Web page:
MarkStanley2 karma

Someone asked this question, and Chris and I gave an extensive list in a thread above. I think a fair number of politicians from both parties actually care about online privacy rights. In fact, it's one of the things that's interesting about this issue: It really does have bipartisan support. It's fascinating, being in Washington, so many issues are political polarizing, but not digital privacy at all.

ChurchOfGWB3 karma

What can you tell us about the U.S. Government's ability to access e-mails stored on e-mail servers for 6+ months?

MarkStanley3 karma

Under ECPA, law enforcement and regulatory agencies can access emails stored for more than 180 days. Back when ECPA was passed in 1986, people didn't store emails very long on servers, because it was expensive. If it was stored for over 180 days, it was considered "abandoned." Of course, now we have nearly unlimited, free storage, and the 180 day rule makes absolutely no sense.

onlyforaminute3 karma

Honest question here. I swear I'm not a troll.

My question is, why should I care about my online privacy? I could care less if someone wants to waste their time going thru my emails or search history. I honestly have nothing to hide, so I've never cared for these posts about such things. Tell me why I should care.

If it keeps one person from dropping a bomb or selling a child into prostitution I'm all for it. I don't live near an interestingly enough life to give a hoot if someone wants to check my name out.

ChristopherCalabrese6 karma

I was trying to find my answer from earlier but one short answer is that lots of people who you rely on to keep America vibrant and free - journalists, activists and whistle blowers. It's not just about protecting you. :)

Also you'd be amazed at the vast tools police have at their disposal that are totally constitutional - it's never all or nothing.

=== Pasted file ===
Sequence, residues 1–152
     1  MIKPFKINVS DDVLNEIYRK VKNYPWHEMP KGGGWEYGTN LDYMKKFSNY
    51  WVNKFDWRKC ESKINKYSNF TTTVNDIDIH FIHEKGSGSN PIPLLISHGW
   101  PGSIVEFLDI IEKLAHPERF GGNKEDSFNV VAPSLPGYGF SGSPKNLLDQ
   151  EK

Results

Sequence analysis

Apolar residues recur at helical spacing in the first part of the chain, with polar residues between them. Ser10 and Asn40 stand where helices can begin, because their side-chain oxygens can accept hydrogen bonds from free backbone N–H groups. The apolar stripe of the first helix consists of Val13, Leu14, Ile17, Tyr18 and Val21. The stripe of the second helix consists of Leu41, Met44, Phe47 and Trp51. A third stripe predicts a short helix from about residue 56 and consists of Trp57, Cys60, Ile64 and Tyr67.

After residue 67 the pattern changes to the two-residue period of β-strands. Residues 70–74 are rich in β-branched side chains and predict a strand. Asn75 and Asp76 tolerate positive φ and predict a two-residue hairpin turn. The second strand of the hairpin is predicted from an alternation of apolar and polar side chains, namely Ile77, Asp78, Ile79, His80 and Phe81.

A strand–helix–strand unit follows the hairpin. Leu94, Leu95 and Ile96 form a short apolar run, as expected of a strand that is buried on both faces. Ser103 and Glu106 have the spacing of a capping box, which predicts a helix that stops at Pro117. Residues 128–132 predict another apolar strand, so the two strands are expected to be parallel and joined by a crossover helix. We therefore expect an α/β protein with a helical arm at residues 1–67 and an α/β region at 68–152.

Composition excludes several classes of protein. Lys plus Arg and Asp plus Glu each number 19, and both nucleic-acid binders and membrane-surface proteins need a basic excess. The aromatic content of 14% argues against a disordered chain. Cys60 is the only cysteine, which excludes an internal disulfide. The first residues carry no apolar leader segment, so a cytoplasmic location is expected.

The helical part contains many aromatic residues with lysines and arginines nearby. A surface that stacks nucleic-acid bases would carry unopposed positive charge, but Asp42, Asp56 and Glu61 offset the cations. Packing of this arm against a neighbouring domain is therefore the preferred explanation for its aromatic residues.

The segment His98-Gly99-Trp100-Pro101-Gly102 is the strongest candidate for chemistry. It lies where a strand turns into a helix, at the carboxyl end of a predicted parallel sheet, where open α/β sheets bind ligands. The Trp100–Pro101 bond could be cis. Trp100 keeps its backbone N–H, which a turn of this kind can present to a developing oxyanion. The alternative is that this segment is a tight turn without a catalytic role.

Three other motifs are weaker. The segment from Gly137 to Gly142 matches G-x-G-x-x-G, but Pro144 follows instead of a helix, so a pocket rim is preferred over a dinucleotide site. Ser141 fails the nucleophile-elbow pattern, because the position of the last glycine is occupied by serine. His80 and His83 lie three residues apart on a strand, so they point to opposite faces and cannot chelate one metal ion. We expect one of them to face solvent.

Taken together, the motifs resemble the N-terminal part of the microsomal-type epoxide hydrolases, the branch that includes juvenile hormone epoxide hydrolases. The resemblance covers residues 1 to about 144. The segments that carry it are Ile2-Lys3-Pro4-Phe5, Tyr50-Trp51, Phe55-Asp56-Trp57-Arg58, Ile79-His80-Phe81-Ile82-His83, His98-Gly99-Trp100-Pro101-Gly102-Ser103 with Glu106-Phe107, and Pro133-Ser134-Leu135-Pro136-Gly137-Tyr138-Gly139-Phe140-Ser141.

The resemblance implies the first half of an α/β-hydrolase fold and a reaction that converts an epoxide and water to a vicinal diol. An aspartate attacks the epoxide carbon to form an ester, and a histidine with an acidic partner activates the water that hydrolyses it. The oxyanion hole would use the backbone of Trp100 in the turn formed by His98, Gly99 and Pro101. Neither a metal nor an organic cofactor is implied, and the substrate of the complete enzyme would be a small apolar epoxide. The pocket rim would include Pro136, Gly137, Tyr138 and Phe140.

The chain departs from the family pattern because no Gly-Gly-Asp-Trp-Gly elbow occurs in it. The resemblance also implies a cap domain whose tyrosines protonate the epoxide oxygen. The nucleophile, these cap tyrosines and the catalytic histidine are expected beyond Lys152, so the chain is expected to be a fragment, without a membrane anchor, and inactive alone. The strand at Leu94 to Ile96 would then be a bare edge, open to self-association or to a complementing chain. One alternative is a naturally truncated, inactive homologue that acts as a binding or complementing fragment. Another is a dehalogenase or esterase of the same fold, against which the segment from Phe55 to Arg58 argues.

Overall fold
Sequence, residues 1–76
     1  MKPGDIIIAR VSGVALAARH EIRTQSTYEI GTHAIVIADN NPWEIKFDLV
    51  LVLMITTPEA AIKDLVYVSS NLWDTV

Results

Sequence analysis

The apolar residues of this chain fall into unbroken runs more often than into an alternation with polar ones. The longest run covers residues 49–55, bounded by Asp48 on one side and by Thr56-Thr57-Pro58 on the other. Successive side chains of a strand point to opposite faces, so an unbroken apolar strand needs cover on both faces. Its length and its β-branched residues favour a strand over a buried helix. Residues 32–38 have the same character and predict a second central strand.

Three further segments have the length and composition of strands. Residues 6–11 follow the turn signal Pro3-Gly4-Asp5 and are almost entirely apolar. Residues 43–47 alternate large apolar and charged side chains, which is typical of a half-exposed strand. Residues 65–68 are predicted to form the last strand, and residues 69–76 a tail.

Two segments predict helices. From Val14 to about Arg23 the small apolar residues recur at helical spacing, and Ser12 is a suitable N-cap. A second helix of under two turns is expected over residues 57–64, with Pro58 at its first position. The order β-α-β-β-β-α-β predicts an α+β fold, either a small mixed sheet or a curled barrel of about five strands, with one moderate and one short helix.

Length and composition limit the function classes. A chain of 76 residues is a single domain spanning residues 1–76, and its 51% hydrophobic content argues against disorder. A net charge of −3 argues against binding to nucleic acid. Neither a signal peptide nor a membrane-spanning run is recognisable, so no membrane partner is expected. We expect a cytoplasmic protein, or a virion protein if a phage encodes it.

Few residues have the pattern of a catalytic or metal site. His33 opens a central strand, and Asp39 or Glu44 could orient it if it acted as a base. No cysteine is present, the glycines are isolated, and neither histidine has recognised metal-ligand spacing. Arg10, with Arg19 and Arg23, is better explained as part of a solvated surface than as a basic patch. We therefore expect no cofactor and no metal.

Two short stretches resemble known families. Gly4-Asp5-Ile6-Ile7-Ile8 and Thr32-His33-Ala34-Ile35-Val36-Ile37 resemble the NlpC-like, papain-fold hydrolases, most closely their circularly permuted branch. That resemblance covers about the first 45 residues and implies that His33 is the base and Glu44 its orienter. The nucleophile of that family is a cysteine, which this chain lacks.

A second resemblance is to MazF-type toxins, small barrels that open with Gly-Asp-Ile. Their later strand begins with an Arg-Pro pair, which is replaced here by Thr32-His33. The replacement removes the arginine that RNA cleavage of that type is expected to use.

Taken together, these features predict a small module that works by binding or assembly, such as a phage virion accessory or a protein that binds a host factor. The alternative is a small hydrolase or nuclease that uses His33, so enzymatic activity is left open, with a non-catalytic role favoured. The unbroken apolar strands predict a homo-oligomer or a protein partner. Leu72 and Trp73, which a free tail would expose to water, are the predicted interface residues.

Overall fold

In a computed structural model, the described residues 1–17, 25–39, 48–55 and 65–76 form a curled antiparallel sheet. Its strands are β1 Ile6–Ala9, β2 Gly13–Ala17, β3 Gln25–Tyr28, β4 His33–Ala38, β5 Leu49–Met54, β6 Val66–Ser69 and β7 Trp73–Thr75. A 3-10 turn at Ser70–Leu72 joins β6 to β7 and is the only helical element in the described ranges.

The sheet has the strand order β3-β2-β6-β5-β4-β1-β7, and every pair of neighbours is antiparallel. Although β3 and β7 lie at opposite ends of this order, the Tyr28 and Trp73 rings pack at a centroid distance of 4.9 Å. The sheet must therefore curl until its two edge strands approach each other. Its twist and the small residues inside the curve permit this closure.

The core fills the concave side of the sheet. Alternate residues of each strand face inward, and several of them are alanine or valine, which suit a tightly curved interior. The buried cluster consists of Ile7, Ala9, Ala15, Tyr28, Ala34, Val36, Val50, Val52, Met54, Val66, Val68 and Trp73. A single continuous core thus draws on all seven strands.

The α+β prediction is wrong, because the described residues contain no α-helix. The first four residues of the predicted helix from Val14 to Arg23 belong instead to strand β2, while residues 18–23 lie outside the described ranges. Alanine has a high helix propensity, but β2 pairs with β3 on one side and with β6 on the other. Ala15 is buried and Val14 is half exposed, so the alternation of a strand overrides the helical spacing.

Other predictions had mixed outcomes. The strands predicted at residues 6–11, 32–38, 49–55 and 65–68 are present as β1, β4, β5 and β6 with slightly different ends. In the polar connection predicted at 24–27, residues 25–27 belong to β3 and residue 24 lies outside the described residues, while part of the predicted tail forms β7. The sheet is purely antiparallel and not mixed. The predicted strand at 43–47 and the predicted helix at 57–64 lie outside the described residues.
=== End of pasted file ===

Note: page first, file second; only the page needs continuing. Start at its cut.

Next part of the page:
Adam91723 karma

How can I, an average Joe, make information about myself more secure? I mean, aside from the obvious "don't go online" - I've trimmed my facebook profile the hell down and I only use the same password for three separate things, maximum. Also, what do you guys think of Mozilla (Firefox folk.)?

MarkStanley2 karma

The Mozilla folks are great! Mozilla is actually supporting the White House petition - here's a blog post on ECPA reform they published today.

mallard_dux2 karma

I would like to see text in the ECPA that forces organizations/businesses to disclose to you: which personal data of yours they have, how long they've had it and offer the option to permanently be erased from their database. This would allow an individual to be in control of his/her personal data. e.g. If a company only has my home mailing address, it would send me snail mail that contains the above information; if that company only had my email I would receive an email. Does this not sound reasonable? Could text/idea like this be included in a reform of the ECPA?

js-normative3 karma

I think that ends up being more problematic than you might think on face. On the one hand, you have services where reputation—including potentially negative information about people—a critical part of the service provided. (Yelp, CouchSurfing, eBay, maybe some dating sites). Those might depend on people not being able to just erase negative information—there are certainly doctors and dentists who have tried to do exactly that with Yelp. More generally, the tradeoff with a lot of sites is "we're going to provide something free, in exchange for information we can use to make money via marketing or whatever." If the law means that the deal has to be "information we can use until you tell us to delete it," it may not be as viable to offer the free service. There might be specific types of businesses or sensitive information where a deletion requirement is workable, but a generic one seems likely to have unintended consequences, not to mention bumping up against potential First Amendment issues.